When film excellence meets women’s health advocacy

OCTOBER 27, 2022

Kara Magsanoc-Alikpala at the CCP premiere of the film “Delikado” —CONTRIBUTED PHOTO
Kara Magsanoc-Alikpala at the CCP premiere of the film “Delikado” —CONTRIBUTED PHOTO

In July 2013, I was in the lobby of St. Luke’s Medical Center in Global City, headed for my first chemotherapy session, when I ran into Kara Magsanoc-Alikpala.

“Oh, I was in the area,” she said nonchalantly—an outright lie, I would learn many years later: My friend had come to check on me.

Kara is a cancer patient advocate and documentary filmmaker. The journalism genes, she most likely (and proudly) inherited from her maverick of a mother, the late, much-missed Philippine Daily Inquirer editor in chief, Letty Jimenez-Magsanoc. The breast cancer advocacy, helped along by the fact that her father Carlitos and brothers Nikko and Marti are all doctors, happened because Kara is a survivor as well—one who wasted no time in helping countless other women in the same predicament.

In 1997, Kara was executive producer of the acclaimed documentary “Batas Militar,” a film about martial law under Ferdinand Marcos. That was the same year she was diagnosed with breast cancer.

Two years later, she and fellow survivors Crisann Celdran, Bet Lazatin and Becky Fuentes established the ICanServe (ICS) Foundation Inc., which, according to the ICS website, aims “to provide a circle of support for women who were newly diagnosed, women on cancer treatments and women in remission navigating through their ‘new normal’ life.”

There was also the pressing need to keep women educated on their options, and to banish the stigma that breast cancer was a death sentence even today, in a country with the highest incidence of breast cancer in Southeast Asia.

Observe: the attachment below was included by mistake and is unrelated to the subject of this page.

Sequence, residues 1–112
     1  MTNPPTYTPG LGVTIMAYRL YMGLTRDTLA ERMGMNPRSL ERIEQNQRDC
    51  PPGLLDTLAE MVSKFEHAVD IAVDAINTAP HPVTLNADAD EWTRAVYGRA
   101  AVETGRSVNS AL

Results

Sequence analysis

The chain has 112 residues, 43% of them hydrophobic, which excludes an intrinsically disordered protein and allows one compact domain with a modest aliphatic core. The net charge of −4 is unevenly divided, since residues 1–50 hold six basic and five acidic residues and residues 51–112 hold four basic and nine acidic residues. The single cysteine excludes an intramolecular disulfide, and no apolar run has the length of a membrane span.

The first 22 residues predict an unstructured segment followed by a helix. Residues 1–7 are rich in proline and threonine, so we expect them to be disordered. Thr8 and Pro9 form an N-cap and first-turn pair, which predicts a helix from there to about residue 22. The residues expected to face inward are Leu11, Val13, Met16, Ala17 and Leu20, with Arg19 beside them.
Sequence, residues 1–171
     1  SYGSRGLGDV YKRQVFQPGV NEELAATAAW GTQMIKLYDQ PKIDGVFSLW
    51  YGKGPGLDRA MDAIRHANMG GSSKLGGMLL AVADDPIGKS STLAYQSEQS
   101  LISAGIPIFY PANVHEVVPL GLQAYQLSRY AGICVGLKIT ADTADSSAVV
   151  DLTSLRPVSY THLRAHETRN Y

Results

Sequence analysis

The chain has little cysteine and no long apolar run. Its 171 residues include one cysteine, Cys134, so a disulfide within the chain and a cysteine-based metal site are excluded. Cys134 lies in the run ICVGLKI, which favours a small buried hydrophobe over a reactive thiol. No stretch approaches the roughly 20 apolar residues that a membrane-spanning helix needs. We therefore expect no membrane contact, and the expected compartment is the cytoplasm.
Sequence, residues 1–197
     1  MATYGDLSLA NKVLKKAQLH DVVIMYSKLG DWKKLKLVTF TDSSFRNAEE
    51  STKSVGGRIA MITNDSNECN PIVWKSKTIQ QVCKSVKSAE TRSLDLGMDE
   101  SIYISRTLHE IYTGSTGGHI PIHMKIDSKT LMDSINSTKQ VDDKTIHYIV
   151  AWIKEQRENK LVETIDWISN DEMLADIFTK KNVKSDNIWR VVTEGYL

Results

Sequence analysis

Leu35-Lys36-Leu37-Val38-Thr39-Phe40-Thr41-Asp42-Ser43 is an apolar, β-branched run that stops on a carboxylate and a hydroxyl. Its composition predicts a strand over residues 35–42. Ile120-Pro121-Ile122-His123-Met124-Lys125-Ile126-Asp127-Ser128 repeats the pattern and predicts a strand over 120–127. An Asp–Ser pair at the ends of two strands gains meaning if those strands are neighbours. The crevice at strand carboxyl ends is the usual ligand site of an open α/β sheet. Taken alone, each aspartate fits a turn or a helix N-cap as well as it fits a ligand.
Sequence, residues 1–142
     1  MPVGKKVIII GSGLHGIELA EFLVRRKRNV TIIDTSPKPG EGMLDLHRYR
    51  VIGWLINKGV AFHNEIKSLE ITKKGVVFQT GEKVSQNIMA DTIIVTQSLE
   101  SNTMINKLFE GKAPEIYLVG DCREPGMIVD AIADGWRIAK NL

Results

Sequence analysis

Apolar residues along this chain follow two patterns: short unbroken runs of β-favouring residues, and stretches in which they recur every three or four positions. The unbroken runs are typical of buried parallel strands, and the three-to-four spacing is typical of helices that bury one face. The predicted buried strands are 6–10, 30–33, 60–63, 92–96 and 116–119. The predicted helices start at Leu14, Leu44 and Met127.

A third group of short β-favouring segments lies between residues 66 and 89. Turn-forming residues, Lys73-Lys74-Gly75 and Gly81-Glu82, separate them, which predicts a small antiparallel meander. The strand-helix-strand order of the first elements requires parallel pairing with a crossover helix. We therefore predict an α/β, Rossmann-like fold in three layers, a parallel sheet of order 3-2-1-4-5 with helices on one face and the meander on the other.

Free patients’ manual

In 2000, Kara spearheaded the first publication of “ICanServe: A Network of People, Places and Services for the Philippine Breast Cancer Community,” the first breast cancer patients’ manual—which was given away for free. In 2008, consistent with the group’s mission of saving lives through early detection, ICS started the “Ating Dibdibin” program in partnership with proactive local government units, with breast examinations, forums and other events for women who would not have known otherwise where to begin in dealing with breast health.

Always, Kara—slim, ubiquitous and perpetually stylish in her ICS T-shirt—would be there to welcome women, knowledgeable and gently authoritative when discussing among global experts, and warm and totally approachable when speaking to women from poor communities.

In 2022, ICS was at the forefront of the 6th Southeast Asia Breast Cancer Symposium held in Manila, counting almost 2,200 online participants from over 20 countries. The following year, “You Can Do This: A Breast Cancer Patient’s Manual,” an online update of the 2000 version, was published in three languages—again, free to all who needed it.

Kara remains vice president of the Cancer Coalition of the Philippines, which pushed for the passage of the National Integrated Cancer Control Act in 2019.

Award-winning documentaries

Incidentally, in between all the demands of the advocacy and being wife to businessman Dondi Alikpala and mother to Ariana—a miracle baby born after she beat cancer—Kara has managed to keep working on documentaries, tackling subjects people were terrified to touch.

In 2018, “Call Her Ganda,” about the murder of Filipino transwoman Jennifer Laude by a US Marine, won a bronze medal at the New York Film Festival, and was nominated for a GLAAD (formerly the Gay and Lesbian Alliance Against Defamation) media award. In 2022, she was part of the teams behind “Delikado,” a courageous film about illegal logging operations in Palawan, and “11,103,” which hauntingly reexamined the lives of martial law survivors, especially in light of the Marcos dynasty’s return to power.

“We tried to make it friendly to the point, we hope, that you feel us holding and hugging you, and telling you, you will survive!” Kara wrote to breast cancer survivors in the Foreword of “You Can Do This.”

And you know in your heart that, yes, she will hug you and fight for you at the same time. INQ

Your subscription could not be saved. Please try again.
Your subscription has been successful.

Subscribe to our daily newsletter

By providing an email address. I agree to the Terms of Use and acknowledge that I have read the Privacy Policy.